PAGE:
The educational technology and digital learning wiki
Revision as of 20:26, 24 January 2020 by Daniel K. Schneider (talk | contribs) (→‎Bibliography)
(diff) ← Older revision | Latest revision (diff) | Newer revision → (diff)
Jump to navigation Jump to search



TurtleBlocks is block computer programming language to create designs for laser cutting or acutting plotter created by Franklyn Turbak, and collaborators of the TinkerBlocks research group at Wellesley. It is based on turtle geometry invented by Papert and the Logo community.

PictureBlocks is a twin project, “which facilitates the construction of complex geometric designs from simple primitive pictures by transforming (rotating, flipping) pictures and composing them (putting one picture above, beside, or over one another).”[1]. It is based on Henderson's picture language based on functional geometry.

Both these environments aim “to introduce non programmers to computational thinking [5] and give them hands-on experience with techniques like procedural abstraction, modularity, and divide/conquer/glue problem solving.” [1]

Notice: There exists a similar language called Turtle Blocks JavaScript, or sometimes as "Turtle Blocks". Formerly called "Turtle Art", it draws colorful art based on snap-together visual programming elements. Since it allows exporting to SVG, it could be used as a substitute for the original TurtleBlocks.

Environment and availability

As of January 2020, TurtleBlocks is no longer supported and the current Java RunTime cannot execute it anymore. There may be a new Blockly-based version in the future.

It is possible to export to SVG from another block language. E.g. Turtlestitch can do that, but the result must be re-edited in a graphics software, e.g. Inkscape. Another interesting alternative is Twoville, but as of Jan 2020, it lacks both a block version and documentation. Beetle Blocks has a 2D module that allows exporting to SVG. FlatCAD, a design tool for programming and manufacturing physical shapes, based on the FlatLang language is another alternative (to be tested).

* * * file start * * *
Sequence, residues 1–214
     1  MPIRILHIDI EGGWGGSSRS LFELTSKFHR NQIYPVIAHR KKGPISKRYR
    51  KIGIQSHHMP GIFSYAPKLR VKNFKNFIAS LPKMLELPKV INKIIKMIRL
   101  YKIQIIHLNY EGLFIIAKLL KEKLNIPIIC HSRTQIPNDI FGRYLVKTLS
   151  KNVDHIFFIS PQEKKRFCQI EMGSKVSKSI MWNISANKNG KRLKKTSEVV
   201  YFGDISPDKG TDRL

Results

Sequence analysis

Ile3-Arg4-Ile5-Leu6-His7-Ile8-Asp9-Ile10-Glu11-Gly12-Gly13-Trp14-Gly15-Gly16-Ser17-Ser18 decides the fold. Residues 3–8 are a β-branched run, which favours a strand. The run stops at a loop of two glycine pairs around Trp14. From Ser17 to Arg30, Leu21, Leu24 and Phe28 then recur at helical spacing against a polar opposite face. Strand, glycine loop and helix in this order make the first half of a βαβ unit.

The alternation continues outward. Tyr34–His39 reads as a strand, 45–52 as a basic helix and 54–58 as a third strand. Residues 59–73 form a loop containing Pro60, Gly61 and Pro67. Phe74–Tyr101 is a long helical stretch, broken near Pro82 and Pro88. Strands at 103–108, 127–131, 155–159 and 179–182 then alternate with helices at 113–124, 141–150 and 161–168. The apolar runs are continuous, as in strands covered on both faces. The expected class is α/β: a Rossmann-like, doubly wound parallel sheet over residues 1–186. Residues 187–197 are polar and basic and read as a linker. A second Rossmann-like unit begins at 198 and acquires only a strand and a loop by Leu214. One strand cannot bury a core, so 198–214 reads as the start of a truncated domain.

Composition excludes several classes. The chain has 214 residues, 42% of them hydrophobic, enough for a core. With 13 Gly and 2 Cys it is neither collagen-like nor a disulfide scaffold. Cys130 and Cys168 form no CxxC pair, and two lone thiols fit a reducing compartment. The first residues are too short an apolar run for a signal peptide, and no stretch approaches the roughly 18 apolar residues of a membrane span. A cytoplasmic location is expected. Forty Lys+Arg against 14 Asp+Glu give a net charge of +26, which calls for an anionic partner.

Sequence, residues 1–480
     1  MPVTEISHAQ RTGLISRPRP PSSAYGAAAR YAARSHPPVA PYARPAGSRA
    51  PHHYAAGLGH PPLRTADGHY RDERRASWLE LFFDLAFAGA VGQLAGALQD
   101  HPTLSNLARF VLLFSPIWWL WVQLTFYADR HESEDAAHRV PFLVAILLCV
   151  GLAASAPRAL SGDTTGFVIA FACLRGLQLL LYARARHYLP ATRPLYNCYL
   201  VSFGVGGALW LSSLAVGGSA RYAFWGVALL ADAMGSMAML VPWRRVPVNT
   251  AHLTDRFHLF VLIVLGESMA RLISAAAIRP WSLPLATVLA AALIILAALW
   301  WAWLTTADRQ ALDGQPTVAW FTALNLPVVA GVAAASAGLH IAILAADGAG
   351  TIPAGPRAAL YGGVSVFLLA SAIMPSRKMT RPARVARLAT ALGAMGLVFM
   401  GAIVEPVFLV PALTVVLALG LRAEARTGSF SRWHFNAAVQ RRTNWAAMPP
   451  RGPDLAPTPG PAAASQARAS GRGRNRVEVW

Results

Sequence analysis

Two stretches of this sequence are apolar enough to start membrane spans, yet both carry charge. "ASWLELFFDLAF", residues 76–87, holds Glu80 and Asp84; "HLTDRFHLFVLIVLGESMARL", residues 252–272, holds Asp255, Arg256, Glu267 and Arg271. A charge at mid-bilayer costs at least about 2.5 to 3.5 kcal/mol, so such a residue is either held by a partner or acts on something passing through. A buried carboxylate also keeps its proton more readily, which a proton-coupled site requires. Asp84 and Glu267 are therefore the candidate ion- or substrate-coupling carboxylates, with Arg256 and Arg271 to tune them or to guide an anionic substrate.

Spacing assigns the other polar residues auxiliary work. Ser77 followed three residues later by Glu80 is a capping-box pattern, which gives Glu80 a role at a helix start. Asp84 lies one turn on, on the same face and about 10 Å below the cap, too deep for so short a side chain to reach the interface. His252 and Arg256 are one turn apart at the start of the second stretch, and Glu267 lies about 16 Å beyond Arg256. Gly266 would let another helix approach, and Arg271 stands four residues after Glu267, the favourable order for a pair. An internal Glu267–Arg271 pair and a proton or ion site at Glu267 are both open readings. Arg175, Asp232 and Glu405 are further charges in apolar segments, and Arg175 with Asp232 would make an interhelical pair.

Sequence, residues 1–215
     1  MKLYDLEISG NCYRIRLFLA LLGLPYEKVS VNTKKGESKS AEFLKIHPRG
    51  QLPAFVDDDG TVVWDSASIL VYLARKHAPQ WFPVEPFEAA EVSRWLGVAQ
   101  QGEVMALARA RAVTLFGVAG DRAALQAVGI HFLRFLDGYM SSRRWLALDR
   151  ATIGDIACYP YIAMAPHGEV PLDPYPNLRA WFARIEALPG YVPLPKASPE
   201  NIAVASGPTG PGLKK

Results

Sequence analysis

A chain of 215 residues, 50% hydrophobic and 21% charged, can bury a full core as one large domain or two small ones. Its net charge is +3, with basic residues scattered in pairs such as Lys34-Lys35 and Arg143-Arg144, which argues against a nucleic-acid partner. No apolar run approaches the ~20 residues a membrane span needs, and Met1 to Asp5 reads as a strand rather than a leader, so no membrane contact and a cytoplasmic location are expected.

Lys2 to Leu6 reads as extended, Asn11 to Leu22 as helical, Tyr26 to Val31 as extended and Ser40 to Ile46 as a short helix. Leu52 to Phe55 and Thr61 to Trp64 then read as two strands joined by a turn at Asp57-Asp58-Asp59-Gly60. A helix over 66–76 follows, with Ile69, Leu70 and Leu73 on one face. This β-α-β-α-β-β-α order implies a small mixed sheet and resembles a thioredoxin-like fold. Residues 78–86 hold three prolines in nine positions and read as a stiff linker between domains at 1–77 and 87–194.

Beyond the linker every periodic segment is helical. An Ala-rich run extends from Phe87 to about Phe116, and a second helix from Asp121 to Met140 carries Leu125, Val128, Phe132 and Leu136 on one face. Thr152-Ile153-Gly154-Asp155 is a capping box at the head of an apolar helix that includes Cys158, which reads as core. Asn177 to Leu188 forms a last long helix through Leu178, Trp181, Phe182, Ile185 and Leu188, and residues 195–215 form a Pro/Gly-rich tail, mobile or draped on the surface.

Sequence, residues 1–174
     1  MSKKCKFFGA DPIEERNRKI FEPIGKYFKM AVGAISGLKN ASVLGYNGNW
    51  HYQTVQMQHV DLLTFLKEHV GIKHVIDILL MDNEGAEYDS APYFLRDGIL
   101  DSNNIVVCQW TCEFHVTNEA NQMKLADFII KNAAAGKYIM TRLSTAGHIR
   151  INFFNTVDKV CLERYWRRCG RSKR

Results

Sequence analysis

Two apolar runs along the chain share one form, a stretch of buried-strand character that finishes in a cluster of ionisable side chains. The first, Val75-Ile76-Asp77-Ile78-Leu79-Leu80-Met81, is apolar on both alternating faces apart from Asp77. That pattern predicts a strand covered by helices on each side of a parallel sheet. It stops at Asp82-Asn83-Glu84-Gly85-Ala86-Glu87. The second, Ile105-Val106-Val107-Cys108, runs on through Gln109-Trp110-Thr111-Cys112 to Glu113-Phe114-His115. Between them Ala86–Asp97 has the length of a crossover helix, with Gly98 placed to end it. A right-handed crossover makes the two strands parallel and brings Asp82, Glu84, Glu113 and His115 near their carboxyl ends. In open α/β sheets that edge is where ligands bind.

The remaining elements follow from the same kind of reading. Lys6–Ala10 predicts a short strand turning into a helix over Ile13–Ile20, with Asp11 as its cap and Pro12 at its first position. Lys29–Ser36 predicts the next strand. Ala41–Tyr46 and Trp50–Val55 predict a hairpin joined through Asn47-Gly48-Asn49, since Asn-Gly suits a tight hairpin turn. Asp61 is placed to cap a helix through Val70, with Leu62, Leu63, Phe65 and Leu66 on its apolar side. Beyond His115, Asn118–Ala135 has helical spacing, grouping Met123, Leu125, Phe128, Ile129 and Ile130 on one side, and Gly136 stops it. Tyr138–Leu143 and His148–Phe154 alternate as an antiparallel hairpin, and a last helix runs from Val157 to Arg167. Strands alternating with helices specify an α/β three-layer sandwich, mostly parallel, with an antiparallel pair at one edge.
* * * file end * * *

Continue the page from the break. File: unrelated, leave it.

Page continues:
• TurtleBlocks at TinkerBlocks.org, the website of the Wesley team working on block languages.
  • Home page of Franklyn Turbak, leader of the the TinkerBlocks research group, whose goal is to democratize computing by creating blocks programming languages that are more expressive and easier to use.


Cited references

  1. 1.0 1.1 Franklyn Turbak, Smaranda Sandu, Olivia Kotsopoulos, Emily Erdman, Erin Davis, and Karishma Chadha. Blocks Languages for Creating Tangible Artifacts. In Proceedings of the IEEE Symposium on Visual Languages and Human-Centric Computing (VLHCC 2012), Innsbruck, Austria, Oct. 1--3, 2012.


  • H. Abelson and A. diSessa,Turtle Geometry: the Computer as a Medium for Exploring Mathematics. MIT Press, 1981
  • M. Eisenberg, N. Elumeze, L. Buechley, G. Blauvelt, S. Hendrix, and A. Eisenberg, “The homespun museum: Computers, fabrication, and the design of personalized exhibits,” in Conf. on Creativity & Cognition (C&C’05), 2005, pp. 13–21.
  • M. Eisenberg, A. Eisenberg, L. Buechley, and N. Elumeze, “Computers and physical construction: Blending fabrication into computer science education,” in Int. Conf. on Frontiers in Education: Computer Science& Computer Engineering (FECS ’08), 2008, pp. 127–133.
  • P. Henderson, “Functional geometry,” Higher Order and Symbolic Computation, vol. 15, no. 4, pp. 349–365, 2002. Preprint ?
  • S. Papert, Mindstorm: Children, Computers, and Powerful Ideas. BasicBooks, 1980.